Our Epigenetics Seminar Series continues in October, when we will welcome Prof Peter Jones from the Van Andel Institute, USA.

See more details below, and keep an eye on our Epigenetics Seminar Series page for information on the rest of the series.

Epigenetics Seminar Series

We’ve been delighted with the attendance for the past few months, and hope you can join us in October.

Join in the chat on Twitter on #AEpiAseminar.

The Seminars are held approximately every four weeks, on Thursdays. The time varies depending on the international location of the speaker. Attendance is available to all Australian Epigenetics Alliance members – so please join AEpiA for free, or check your membership here.

Thurs 22 October 2020

10.00 – 10.45am (AEST)

Host: Dr Phillippa Taberlay

Prof Peter Jones

Van Andel Institute, USA

The Whys and Hows of DNA methylation

Professor Peter Jones has been Chief Scientific Officer of the Van Andel Institute (VAI) in Grand Rapids, Michigan since 2014.

Peter has helped pioneer the field of epigenetics, particularly its role in cancer, and helped develop novel cancer therapies. His laboratory discovered the effects of 5‑azacytidine on cytosine methylation and first established the link between DNA methylation, gene expression and differentiation.

Peter has published more than 300 scientific papers and received several honors, including an Outstanding Investigator Award. He and Stephen Baylin shared the Kirk Landon Award for Basic Cancer Research from the AACR in 2009 and the Medal of Honor from the American Cancer Society in 2011.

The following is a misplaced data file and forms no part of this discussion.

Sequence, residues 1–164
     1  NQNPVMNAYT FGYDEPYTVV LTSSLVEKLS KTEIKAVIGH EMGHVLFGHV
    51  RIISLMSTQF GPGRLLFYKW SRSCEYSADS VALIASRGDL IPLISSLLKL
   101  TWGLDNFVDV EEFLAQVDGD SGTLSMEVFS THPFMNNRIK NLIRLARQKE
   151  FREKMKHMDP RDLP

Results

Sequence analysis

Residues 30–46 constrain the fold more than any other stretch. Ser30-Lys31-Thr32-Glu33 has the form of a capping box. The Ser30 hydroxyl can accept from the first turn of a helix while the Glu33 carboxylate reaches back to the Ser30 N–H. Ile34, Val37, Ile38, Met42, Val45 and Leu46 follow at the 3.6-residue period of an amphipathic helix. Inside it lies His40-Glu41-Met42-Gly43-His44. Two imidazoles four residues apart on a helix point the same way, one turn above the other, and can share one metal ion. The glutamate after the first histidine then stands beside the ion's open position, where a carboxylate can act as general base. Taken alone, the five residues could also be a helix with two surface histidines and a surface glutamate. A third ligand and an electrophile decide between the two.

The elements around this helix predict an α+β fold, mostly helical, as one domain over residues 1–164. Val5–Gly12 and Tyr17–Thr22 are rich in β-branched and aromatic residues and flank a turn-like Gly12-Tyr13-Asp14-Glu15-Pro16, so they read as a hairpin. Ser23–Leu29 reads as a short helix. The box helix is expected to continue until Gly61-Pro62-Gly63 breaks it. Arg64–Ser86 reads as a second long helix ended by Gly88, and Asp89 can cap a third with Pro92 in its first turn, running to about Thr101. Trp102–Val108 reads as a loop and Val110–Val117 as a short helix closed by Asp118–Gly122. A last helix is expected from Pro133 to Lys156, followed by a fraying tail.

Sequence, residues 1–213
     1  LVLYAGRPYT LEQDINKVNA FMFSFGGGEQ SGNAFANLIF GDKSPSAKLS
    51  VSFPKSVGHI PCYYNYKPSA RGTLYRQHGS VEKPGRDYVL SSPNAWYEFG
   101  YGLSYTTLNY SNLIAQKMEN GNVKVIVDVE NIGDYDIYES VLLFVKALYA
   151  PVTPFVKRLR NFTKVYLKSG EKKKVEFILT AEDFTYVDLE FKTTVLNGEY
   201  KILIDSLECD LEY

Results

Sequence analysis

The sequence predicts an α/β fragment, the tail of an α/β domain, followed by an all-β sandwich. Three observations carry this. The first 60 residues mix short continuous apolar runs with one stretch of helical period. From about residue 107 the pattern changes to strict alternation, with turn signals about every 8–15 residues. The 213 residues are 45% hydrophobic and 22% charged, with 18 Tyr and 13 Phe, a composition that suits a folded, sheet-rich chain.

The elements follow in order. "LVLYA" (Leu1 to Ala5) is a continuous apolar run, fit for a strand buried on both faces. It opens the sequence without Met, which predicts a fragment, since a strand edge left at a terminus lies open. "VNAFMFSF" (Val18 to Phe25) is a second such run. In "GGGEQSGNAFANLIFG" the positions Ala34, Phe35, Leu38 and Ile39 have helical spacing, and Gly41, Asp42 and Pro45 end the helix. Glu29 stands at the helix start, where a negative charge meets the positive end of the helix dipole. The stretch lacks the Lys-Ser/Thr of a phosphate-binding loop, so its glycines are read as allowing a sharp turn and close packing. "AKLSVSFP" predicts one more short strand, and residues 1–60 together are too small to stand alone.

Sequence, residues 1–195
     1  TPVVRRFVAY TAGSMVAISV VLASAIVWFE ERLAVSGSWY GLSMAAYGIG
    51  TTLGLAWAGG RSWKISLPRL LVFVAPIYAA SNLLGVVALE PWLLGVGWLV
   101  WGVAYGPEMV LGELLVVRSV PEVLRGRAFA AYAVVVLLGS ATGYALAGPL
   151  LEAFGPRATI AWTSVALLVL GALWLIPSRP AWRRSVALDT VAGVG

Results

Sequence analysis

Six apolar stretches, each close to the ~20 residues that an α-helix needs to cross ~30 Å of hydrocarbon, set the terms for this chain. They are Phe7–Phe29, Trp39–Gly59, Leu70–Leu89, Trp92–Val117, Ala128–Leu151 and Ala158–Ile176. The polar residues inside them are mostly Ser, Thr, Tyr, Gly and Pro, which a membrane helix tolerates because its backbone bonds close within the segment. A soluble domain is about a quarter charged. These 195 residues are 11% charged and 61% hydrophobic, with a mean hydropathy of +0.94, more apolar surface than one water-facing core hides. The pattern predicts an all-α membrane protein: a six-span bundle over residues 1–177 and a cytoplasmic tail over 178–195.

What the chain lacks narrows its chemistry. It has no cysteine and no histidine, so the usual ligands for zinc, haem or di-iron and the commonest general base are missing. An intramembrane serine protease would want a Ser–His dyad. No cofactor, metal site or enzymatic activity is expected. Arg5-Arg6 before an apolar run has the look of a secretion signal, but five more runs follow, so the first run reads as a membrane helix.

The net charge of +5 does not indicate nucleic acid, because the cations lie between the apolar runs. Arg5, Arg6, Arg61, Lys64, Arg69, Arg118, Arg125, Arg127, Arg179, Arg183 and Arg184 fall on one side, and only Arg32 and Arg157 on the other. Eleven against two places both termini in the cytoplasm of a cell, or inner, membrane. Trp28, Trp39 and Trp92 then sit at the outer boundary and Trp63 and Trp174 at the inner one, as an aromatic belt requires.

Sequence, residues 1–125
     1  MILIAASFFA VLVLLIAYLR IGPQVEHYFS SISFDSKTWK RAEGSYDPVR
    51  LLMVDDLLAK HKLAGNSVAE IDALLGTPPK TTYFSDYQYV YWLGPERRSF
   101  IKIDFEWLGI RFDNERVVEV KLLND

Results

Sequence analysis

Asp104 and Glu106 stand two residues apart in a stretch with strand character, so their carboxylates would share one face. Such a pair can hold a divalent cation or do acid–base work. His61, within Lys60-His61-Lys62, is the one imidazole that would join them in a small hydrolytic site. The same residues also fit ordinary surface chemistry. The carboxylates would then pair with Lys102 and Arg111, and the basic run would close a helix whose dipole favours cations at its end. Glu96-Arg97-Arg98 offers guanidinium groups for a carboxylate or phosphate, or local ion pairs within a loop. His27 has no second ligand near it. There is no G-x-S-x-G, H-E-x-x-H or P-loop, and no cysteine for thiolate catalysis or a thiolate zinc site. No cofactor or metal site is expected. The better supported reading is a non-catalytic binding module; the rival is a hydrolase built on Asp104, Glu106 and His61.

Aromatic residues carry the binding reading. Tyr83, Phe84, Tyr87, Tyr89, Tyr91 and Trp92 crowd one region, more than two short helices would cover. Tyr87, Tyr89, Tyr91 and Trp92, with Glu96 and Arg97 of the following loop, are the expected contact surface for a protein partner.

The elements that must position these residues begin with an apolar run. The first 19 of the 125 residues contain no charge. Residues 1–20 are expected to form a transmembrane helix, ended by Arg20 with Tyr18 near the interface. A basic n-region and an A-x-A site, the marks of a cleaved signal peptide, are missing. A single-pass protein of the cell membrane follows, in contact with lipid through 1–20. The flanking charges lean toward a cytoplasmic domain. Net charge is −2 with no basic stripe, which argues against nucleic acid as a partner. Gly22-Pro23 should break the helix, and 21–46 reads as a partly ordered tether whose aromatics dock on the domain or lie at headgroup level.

The whys and hows of DNA methylation

The origins and functions of DNA cytosine methylation remain enigmatic even after more than 50 years of intensive research. I will re-examine Bestor’s hypothesis that the original appearance of DNA methylation is linked to its ability to silence intragenomic transposable elements (TEs). Because cytosine methylation is inherently mutagenic and leads to diagnostic C-T transitions at methylated CpG sites in the germline, CpG depletion can be used as a surrogate for ancient methylation. We examined the distribution of CpG sites in the published whole genome sequences of 53 organisms. We found a strong correlation between CpG depletion and genome size which in turn is largely dependent on the quantity of TEs it contains. This finding provides evidence for an unrecognized function of DNA methylation which is to enable genome expansion. Given the importance of CpG methylation in this process, as well as in gene control in health and disease, the mechanisms for de novo methylation need to be understood in more detail. While the chemical mechanisms by which methyl groups are applied to the 5 position of the cytosine ring are well understood, this process is much more complicated in the context of chromatin particularly because nucleosomal DNA cannot be methylated by prokaryotic or eukaryotic methylases. We used the power of Cryo-EM to solve the structure of a tetrameric complex of two molecules each of human DNMT3A2 and DNMT3B3 bound to a nucleosome core particle. Unexpectedly, the catalytically inactive DNMT3B3 acts as an accessory protein for the potentially active DNMT3A2. This binding occurs through the involvement of the acidic patch on the nucleosomal histones whereas the DNMT3A2 is positioned on the linker DNA. The structure predicts that the nucleosome must be moved or remodeled for de novo methylation to occur as is predicted in several publications. Understanding the whys and hows of DNA methylation will help in understanding its multiple roles in health and disease.